On February 2019, I received an invitation to the above meeting. It was initially set for Thursday 7th at Munhumutapa Building, but was later changed to Wednesday 6th at the State House and convened by the National Peace 8, Reconciliation Commission’s, Retired Justice Nare
I attended as has been widely reported by the media. Without prior notice, the attending Presidential candidates were asked to give a presentation, as input, to the framework and end with recommendations for the same.
My observations were as follows;
1. During the campaign period, H.E Mnangagwa proclaimed that there would be peaceful elections and that is what I and APA experienced, during our door to door campaign throughout the country. I then asked why President Mnangagwa could not do the same now in addressing the violence that has ensued since and act on it.
2. It is our belief that freedom of speech, movement and expression are not respected as evidenced by the continued beatings, rapes and arrests. Therefore, we would like to know why government is not upholding the rights of the citizens that gave them the mandate to govern and be custodians of their laws and state?
3. APA welcomes the initiative to dialogue with the President from time to time however we must not confuse the role of opposition parties and that of the government. We have an elected government that must be held accountable. It is their responsibility to fix the economy and the problems bedeviling our nation. As the Executive, it is within their power to ensure a conducive environment for economic recovery and growth. It is also their responsibility to guard against human rights abuse and to foster national cohesion.
4. Following the very steep fuel price adjustment, in our opinion people had justifiable grounds for protesting as is their constitutional right. We believe the government reacted with disproportionate force resulting in the unnecessary loss of life. The question that arises from this is, “What does the government regard as appropriate and legitimate ways for citizens to push back against government’s actions that they disagree with,”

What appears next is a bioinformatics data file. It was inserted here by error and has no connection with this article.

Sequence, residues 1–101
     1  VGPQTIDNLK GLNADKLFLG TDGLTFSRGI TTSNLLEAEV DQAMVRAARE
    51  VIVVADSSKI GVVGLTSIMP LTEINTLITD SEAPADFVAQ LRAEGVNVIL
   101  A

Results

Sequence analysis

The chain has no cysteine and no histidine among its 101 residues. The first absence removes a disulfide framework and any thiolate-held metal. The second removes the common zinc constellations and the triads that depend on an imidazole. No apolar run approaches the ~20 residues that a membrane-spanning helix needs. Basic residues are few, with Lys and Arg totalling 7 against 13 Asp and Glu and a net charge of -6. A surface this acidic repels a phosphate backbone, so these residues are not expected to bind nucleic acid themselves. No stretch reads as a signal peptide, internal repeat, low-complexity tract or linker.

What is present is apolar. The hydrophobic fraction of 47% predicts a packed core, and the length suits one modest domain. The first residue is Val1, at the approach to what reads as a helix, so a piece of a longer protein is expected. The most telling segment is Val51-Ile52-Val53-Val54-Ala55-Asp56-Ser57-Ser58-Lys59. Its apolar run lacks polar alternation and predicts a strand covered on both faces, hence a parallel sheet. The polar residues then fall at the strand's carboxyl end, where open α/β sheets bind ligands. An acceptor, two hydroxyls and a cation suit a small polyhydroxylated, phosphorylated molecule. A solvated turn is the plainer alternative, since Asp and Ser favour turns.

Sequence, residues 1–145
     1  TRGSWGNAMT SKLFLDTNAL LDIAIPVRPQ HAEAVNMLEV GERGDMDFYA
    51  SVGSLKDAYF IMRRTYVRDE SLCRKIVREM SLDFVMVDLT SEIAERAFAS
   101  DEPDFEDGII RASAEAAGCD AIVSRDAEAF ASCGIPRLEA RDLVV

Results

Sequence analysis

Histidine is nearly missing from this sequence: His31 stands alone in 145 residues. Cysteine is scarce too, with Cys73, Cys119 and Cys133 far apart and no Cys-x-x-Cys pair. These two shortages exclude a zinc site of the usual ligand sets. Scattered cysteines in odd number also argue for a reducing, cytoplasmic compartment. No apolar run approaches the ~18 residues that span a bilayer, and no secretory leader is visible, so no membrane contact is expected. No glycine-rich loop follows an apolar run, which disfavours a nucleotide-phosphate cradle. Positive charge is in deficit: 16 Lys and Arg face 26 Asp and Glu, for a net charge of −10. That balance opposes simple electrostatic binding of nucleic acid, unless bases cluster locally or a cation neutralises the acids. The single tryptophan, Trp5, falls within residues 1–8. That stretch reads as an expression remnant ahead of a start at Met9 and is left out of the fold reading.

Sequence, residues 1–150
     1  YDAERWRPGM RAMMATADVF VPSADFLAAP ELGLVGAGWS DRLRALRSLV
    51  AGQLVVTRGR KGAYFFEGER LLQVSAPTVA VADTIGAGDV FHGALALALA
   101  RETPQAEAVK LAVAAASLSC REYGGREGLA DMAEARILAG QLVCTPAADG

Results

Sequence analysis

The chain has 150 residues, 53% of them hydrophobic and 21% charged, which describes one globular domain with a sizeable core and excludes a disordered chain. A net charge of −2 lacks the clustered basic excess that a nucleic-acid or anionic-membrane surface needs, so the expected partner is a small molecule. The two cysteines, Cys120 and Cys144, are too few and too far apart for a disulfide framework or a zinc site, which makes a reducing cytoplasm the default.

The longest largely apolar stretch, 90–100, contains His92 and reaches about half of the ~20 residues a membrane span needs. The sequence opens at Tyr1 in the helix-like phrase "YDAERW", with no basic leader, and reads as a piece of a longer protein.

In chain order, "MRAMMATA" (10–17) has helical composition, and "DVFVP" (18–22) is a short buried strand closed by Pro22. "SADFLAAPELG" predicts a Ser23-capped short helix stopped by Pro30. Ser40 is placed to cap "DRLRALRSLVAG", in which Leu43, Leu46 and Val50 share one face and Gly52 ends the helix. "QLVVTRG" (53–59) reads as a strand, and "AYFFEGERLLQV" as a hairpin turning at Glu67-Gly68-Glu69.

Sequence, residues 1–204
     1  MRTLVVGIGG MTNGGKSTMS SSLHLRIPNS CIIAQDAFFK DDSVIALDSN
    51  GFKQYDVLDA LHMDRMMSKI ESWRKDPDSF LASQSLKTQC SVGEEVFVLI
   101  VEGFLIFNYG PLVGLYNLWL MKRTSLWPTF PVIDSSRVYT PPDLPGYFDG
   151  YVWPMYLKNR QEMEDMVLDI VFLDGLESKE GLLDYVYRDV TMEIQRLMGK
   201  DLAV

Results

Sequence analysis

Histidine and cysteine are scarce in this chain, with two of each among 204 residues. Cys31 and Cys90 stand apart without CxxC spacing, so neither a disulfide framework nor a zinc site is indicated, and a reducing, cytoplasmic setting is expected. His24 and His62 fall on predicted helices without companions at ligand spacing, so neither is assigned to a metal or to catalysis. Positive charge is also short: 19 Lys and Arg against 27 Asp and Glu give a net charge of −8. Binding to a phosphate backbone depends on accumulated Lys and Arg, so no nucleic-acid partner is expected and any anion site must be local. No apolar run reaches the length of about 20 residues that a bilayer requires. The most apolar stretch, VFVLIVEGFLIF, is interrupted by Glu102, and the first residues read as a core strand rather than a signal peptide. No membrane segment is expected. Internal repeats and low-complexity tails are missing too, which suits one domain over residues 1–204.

5. It is clear that there is dissonance between the President, pronouncements and his orders . evidenced by the actions of the security forces. These actions are totally divorced from what happened in November 2017! The use of a private jet on State business to the Balkans is yet another such example, of extreme dissonance between words and deeds.
6. The continued beatings, rapes, arrests and military presence in the high-density residential are. of Zimbabwe shows a total disregard for human rights. It goes without saying that this behavior cannot possibly result in a cohesive Zimbabwe.
7. Our view as APA is that the government must, first fix the country, address all these internal issues and only then can the government seek support of the outside world and expect a positive response.
After all the presentations, a motion to have dialogue was agreed in principal. The group awaits further clarification on the formation of the dialogue.
Elton Mangoma of CODE tabled to have 3 committees as follows:
i. Institutional Framework
ii. Agenda Items
iii. Convener Committee
I and APA participated because this is an opportunity to get the de facto government to do the right things for the people. All the institutions of the state are under their control, all the things we know to be wrong with the army, police and service delivery broadly can be brought to the government, attention through this platform. Clearly, we reserve the right to pull out should we see no change nor willingness to change in behavior by the government. It would have been wrong not to attempt to give this platform an opportunity to work for Zimbabweans.